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The Virtue of Love, Even at Work

As it turns out, all positive emotions were not created equally. Love and the similar emotions that we experience when we feel connected socially—like affection, warmth, care, fondness, and compassion—are more powerful than the others. In Barbara Fredrickson’s words:

Love is our supreme emotion: its presence or absence in our lives influences everything we feel, think, do, and become. It’s that recurrent state that ties you in—your body and brain alike—to the social fabric, to the bodies and brains of those in your midst. When you experience love . . . you not only become better able to see the larger tapestry of life and better able to breathe life into the connections that matter to you, but you set yourself on a pathway that leads to more health, happiness, and wisdom.

The longest running study of human development, The Harvard Grant Study, has charted the physical and emotional health of over two hundred Harvard alumni since 1938 (which means that many of the study’s participants are pushing a hundred years old—or pushing up daisies). The Grant Study makes it clear that “the most important influence, by far, on a flourishing life is love,” as one of the researchers behind the study, George Vaillant, put it in Triumphs of Experience.

It isn’t just that people who are more connected are the happiest people. They are also the most successful at work and at school. When college students feel a sense of belonging, their grades go up. In one study, African American college students were asked to read a short testimonial from older students about how they had been worried about fitting in but that things had turned out well. They then had to make a short video testimonial about their own experience of fitting in. This one simple intervention “led to an enduring improvement in GPA in nearly every semester of about 0.2 GPA units (for example, a GPA of 3.6 instead of 3.4),” writes UCLA neuroscientist Matthew Lieberman.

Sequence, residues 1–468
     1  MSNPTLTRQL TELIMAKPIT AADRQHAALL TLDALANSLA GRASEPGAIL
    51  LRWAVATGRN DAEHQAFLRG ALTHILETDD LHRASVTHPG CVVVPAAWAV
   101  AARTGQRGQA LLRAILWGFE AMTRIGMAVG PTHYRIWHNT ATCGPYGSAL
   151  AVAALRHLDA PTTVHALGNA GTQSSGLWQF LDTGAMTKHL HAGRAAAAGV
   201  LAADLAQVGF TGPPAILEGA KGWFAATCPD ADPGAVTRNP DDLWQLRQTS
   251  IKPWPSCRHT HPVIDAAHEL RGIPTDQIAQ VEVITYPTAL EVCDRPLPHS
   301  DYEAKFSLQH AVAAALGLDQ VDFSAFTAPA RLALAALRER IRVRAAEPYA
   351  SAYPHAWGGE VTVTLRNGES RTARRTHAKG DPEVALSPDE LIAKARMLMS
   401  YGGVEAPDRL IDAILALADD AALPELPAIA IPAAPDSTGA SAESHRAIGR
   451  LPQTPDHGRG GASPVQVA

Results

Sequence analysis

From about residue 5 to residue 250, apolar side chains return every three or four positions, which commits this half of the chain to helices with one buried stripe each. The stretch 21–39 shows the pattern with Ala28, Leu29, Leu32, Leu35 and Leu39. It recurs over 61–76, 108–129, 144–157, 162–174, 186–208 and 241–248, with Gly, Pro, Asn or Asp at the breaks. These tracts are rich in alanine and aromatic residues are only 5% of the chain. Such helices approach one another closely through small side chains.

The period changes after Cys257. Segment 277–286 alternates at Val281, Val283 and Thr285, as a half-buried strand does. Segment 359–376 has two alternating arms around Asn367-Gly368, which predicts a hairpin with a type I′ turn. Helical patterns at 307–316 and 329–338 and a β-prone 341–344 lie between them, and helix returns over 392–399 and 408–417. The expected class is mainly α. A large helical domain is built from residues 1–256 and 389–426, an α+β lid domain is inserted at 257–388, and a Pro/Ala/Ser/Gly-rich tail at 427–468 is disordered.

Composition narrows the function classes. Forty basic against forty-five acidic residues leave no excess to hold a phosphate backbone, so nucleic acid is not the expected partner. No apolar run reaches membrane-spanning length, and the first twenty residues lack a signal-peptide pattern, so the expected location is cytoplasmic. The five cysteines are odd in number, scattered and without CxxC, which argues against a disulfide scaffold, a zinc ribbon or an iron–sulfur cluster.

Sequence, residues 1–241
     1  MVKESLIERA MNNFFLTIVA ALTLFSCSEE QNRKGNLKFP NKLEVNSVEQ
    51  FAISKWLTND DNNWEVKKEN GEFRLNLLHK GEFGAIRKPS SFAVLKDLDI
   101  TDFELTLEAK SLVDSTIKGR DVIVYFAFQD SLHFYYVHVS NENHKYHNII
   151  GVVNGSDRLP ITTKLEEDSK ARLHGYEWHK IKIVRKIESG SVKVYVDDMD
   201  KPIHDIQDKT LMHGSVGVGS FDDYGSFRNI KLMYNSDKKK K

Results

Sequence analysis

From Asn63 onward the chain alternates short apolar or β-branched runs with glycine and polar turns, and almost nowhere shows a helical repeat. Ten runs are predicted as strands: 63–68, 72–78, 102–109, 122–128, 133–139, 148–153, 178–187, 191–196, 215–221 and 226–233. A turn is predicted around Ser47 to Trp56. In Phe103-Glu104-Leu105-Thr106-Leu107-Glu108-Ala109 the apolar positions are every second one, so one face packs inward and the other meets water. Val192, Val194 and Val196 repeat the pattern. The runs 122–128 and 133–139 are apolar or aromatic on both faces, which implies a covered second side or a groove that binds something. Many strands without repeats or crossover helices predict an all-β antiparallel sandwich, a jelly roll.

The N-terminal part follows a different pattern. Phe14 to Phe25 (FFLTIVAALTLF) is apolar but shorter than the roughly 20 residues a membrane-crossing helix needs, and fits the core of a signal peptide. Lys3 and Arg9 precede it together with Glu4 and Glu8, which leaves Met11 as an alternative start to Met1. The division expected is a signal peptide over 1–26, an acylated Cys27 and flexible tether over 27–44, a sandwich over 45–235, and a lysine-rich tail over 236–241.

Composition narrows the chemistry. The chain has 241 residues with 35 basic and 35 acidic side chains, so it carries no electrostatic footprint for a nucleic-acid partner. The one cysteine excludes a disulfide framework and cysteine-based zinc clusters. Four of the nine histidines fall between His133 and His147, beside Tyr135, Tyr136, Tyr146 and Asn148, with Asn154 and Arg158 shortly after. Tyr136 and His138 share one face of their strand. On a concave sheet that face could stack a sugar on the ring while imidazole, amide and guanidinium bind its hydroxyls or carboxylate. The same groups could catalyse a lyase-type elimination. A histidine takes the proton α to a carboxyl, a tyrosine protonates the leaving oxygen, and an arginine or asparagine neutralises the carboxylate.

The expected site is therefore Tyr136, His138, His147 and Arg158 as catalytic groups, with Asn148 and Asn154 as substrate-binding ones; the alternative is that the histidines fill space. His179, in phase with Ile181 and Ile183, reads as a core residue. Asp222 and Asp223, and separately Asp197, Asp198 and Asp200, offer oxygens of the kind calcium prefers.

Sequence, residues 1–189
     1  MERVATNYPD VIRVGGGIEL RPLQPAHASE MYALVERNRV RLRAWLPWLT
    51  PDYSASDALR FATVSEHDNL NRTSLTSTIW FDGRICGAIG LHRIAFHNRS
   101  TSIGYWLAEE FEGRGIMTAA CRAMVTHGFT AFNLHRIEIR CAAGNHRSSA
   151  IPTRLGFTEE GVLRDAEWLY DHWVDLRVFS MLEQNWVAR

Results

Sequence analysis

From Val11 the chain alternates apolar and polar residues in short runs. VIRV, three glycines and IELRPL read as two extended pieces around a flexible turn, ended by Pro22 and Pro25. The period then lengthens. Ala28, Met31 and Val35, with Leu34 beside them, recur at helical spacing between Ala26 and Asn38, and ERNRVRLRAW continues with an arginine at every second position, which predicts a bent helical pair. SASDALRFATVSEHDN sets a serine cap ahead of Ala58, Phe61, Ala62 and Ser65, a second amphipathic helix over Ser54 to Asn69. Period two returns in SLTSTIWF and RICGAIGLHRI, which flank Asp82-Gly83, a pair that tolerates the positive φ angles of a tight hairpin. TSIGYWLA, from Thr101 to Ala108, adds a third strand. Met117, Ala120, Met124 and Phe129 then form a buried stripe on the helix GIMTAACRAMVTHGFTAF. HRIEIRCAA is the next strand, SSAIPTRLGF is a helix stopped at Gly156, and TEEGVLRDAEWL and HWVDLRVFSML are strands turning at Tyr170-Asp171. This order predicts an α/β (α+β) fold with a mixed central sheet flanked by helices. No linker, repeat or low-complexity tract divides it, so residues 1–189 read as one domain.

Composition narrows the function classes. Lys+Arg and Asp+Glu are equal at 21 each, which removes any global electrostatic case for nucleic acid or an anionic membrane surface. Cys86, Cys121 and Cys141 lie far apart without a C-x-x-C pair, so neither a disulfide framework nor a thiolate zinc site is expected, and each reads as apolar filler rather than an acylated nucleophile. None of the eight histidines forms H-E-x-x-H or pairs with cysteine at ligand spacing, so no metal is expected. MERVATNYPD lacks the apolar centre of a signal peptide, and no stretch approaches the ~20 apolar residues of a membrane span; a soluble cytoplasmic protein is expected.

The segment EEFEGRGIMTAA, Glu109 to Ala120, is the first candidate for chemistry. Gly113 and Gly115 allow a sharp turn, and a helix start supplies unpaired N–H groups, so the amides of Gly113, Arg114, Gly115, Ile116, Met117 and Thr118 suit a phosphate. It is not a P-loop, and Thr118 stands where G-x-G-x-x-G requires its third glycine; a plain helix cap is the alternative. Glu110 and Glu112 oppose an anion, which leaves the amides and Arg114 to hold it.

Take a minute to reflect.

Where do you feel the greatest sense of belonging in your life? Where do your strongest and most positive social connections come from?

This post is from a series about social connections from the “Science of Finding Flow,” an online course I created as a companion to my book The Sweet Spot: How to Accomplish More by Doing Less. Want to go on to the next class or start the course from the beginning? It’s free! Just go to The Science of Finding Flow course page. Enjoy!